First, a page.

A picture of Jim O'Boyle at a table speaking to children

E.ON's latest sustainability workshops are paving the way for a greener future by educating and inspiring the next generation in environmental awareness.

More than 450 school pupils from across Coventry are taking part in a series of sustainability classes run by E.ON, our Strategic Energy Partner, learning about renewable energy sources and what is going on in their city to promote new types of energy, cleaner air and new green jobs and skills.

The first of the brand new ‘Let’s Go Green in Coventry’ workshops included Year 5 and 6 pupils at Aldermoor Farm primary school taking part in one of 16 sessions in six primary schools across the city. The half-day sessions are designed to help pupils’ understanding of renewable energy and answer questions including ‘why do we need to use energy at home?’, ‘where does our energy come from?’, ‘how does our energy use affect the environment?’ and ‘how can we solve these issues?’.

Working together in groups they applied their understanding to invent or redesign a household appliance incorporating some form of renewable technology. The sessions concluded with the children designing their own vision of a classroom of the future and showcasing the futuristic features to classmates, as well as taking a look at some of the skills and career paths they can look forward to among the green jobs of the future.

Emma Hardy, Assistant Head and Curriculum Lead at Aldermoor Farm, said: "This was an excellent learning opportunity for our pupils. Learning about sustainability through workshops like these enhances the coverage in our school curriculum of this important subject. We already look at sustainability through our PSHE, Geography and Science lessons as we are aware how vital this is for our children's future.”

Councillor Jim O’Boyle Cabinet Member for Jobs, Regeneration and Climate Change, said: “Young people are the driving force when it comes to tackling climate change, so I wasn’t surprised to see both their enthusiasm and their keenness to innovate.

“Hopefully they have learnt something new about how they can play their part to reduce carbon emissions, as well as having the chance to learn about the ways their own city is innovating in this area.

“In the future there will be a big demand for new, green skills so inspiring local kids to see themselves in these roles is really important. This work may not have happened without our partnership with E.ON so it’s great to see some of the first benefits felt by our city’s young people.”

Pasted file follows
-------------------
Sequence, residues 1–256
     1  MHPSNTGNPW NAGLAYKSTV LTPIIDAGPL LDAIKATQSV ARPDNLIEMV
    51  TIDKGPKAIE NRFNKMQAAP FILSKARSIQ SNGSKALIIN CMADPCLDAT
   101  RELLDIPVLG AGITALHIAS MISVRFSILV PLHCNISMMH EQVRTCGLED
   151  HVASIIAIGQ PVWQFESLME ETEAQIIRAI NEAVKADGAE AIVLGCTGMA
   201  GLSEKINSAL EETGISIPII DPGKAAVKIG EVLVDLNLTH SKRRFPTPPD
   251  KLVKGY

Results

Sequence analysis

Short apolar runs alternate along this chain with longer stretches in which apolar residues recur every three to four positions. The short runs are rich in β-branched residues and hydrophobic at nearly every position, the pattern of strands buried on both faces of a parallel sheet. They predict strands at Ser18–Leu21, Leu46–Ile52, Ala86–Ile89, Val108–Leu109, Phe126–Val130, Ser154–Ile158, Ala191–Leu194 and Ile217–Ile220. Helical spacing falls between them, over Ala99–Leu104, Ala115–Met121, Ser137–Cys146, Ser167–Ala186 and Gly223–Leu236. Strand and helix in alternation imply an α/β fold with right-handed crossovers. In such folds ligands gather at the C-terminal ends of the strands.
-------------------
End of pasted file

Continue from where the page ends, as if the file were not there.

Chris Lovatt, Chief Operating Officer for Energy Infrastructure Services at E.ON, said: “The idea behind ‘Let’s Go Green in Coventry’ is to inspire students to discover for themselves how we all rely on energy and the different ways we can produce it and store it – while also providing a bit of fun and entertainment in the classroom!

“These hands-on activities have been specifically designed to fit within the primary school syllabus and to promote not just wider environmental and energy knowledge but hopefully to inspire some interest in STEM (Science, Technology, Engineering and Maths) topics.”

The schools events form part of E.ON’s broader educational activities, developed to inform children about where energy comes from and how it is used in our everyday lives. Online lessons at E.ON Energise Anything help teachers with online and classroom activities which support the curriculum and help pupils understand all stages of energy production, distribution and consumption.

E.ON and Coventry City Council recently agreed a pioneering 15-year Strategic Energy Partnership (SEP) aiming to create a city more self-sufficient in sustainable energy and to support the delivery of the council’s Climate Change Strategy and One Coventry Plan. 

The SEP has already secured Government funding for energy efficiency improvements to homes across the city, with further projects in the pipeline including solar energy for public buildings and schools, along with electrification of local transport. 

An overarching aim of the Strategic Energy Partnership is to bring wider benefits to communities across the city, ensuring long term benefits around sustainability. The six schools and 480 pupils taking part in ‘Let’s Go Green in Coventry’ are hoped to be the first, with more schools and lessons for different age groups in the future.

E.ON, which has been based in the city for nearly 30 years, recently announced it is to partner with the Godiva music festival and the MotoFest Coventry motoring exhibition. E.ON Next, the customer-facing arm of E.ON, is the new major sponsor of the Godiva Festival in July and has pledged to bring a wealth of support and resources to not only enhance the festival experience but also contribute to its sustainability and growth.

MotoFest Coventry announced E.ON as lead partner for this year’s event, as the city-wide showcase of the latest in automotive and electric vehicle (EV) technology celebrates a decade as the UK’s largest free to attend motoring festival.

To find out more about E.ON's work in Coventry, visit eonenergy.com/sustainable-cities/coventry

Published: Wednesday, 29th May 2024